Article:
'Boondock Saints' Out on Blu-ray; Does It Deserve 'Cult Classic' Status?

Even Charles Bronson might counsel the vigilantes in “The Boondock Saints” to light a candle or repeat a yoga mantra.

“The Boondock Saints: The Truth & Justice Edition,” just released on Blu-ray, brings the Brothers MacManus back to kill and kill again in between saying their prayers.

It’s all hooey, of course, served up with flair by writer/director Troy Duffy. Critics weren’t particularly kind to “Saints.” Most film scribes scoff at well crafted vigilante features like 2009’s “Harry Brown.” Imagine their disdain for “Saints,” a tale which doesn’t have time for any moral equivalence jibber jabber.

“Saints” remains a good vs. evil steel cage match, a key reason why its legacy endures, warts and all.

Connor and Murphy MacManus (Sean Patrick Flanery and Norman Reedus) kill two Russian mobsters as the story opens, but the police clear them on grounds they acted in self defense.

That “defense” gives them an idea. What if they went around whacking other lowlifes in their Boston neighborhood? They could balance the scales of justice without dealing with red tape or shady lawyers. Wouldn’t they be doing the Lord’s work?

Before you can say “lock and load,” the brothers have whacked a rogues gallery of cretins from the same Russian outfit. They’ve also caught the attention of Paul Smecker (Willem Dafoe), a crack FBI agent out to stop the brothers before they can tidy up the rest of Beantown.

“The Boondock Saints” takes far too much pleasure in its own mayhem. Every action sequence is staged for those “look how cool we are, Ma” moments. Some, like the brothers dangling from the ceiling to wipe out a room full of baddies, are worth the effort.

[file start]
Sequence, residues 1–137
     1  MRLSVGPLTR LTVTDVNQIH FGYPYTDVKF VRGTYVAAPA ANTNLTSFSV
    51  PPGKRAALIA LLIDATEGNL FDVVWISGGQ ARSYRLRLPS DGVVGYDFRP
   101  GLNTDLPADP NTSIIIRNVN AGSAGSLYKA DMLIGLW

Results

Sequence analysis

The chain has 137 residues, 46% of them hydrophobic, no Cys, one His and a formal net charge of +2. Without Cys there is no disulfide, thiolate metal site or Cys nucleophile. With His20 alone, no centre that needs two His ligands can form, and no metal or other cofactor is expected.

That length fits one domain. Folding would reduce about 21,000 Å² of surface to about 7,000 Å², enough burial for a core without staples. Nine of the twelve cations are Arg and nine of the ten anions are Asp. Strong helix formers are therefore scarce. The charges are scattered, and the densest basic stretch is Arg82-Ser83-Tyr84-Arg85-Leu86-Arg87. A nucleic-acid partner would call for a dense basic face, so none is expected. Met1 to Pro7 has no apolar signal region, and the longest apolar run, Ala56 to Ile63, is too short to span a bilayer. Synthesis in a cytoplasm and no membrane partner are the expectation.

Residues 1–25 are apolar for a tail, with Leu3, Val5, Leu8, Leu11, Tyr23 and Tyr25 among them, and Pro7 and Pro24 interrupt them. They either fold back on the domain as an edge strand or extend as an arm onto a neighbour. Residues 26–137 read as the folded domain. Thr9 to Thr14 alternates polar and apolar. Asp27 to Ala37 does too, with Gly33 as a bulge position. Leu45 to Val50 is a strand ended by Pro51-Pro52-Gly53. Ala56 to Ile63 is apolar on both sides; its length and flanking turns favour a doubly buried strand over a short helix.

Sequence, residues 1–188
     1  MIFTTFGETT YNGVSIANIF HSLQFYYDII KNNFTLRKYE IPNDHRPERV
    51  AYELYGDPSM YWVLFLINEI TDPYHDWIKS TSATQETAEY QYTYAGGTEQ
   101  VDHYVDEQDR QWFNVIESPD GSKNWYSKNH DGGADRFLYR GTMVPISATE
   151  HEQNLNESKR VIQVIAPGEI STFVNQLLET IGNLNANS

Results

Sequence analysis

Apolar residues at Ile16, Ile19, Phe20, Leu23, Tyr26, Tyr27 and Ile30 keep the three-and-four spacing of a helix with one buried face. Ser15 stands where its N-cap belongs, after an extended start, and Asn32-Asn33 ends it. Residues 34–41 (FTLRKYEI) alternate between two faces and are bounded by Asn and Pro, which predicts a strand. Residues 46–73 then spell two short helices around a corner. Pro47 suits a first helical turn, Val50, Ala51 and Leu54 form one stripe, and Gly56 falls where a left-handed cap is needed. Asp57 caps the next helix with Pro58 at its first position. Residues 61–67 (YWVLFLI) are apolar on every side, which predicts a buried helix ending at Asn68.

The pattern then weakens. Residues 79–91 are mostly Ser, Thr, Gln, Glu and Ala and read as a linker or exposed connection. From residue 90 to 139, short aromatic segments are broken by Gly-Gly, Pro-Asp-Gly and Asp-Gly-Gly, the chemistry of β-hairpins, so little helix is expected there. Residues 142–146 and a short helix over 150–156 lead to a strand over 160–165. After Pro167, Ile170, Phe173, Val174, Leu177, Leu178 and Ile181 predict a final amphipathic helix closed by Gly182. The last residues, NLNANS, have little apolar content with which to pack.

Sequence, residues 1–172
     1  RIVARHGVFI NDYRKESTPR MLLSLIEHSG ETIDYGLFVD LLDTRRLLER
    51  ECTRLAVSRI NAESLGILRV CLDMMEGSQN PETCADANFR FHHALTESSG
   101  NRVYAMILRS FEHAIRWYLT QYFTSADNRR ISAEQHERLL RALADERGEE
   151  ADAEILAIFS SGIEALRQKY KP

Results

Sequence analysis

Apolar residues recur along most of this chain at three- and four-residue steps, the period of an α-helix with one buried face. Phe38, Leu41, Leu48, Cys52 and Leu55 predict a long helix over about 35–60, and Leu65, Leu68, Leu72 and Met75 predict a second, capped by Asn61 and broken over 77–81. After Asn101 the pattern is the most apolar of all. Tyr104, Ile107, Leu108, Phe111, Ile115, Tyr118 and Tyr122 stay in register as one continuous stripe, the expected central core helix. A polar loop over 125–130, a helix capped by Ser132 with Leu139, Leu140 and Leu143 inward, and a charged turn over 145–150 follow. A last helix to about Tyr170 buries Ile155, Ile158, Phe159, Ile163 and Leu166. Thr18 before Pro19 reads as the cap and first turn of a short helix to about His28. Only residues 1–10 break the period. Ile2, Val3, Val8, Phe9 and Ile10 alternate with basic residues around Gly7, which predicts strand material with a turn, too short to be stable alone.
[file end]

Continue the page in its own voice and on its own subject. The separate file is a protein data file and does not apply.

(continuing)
But the succession of slow-motion stunts, crumpled bodies, and tough guy posturing gets old, fast. Dafoe rules the film as the hard-charging gumshoe who can recreate a crime scene before his peers have time to pick up the first shell casing. He’s the biggest “name” actor in the production, and it’s easy to see what drew him to these “Saints.” But his character’s arc feels insincere, a twist even the talented actor can’t make right.

Flanery and Reedus click as the avenging brothers, their brogue wrapping around the salty banter. But there’s little in their characters beyond savagery to admire. And, for all the film’s religious trappings, spirituality never seems a legitimate part of the equation.

The film succeeds chiefly as the manifestation of one’s inner punk, the sense that the world could be right if only the right people went away for good. And Duffy delivers a few memorable scenes away from the gun-play, from the brothers cauterizing their wounds to a cat which meets its maker in bloody fashion.

Those tasty details can’t distract from Duffy’s obvious influences, the Tarantino/Scorsese canon which few can approach, let alone equal.

The “Truth and Justice” edition includes both the theatrical and director’s cut version plus commentary tracks from Duffy and “Saints” co-star Billy Connolly. The best feature for “Saints” fans – do they have their own nickname yet? – has four of the film’s key players jawing about its colorful creation. They joke and interrupt each other like old friends, and share plenty of juicy behind-the-scenes nuggets while they’re at it. For a movie that went from belly flopping in theaters to rocking the home video market en route to cult status, that’s welcome news.

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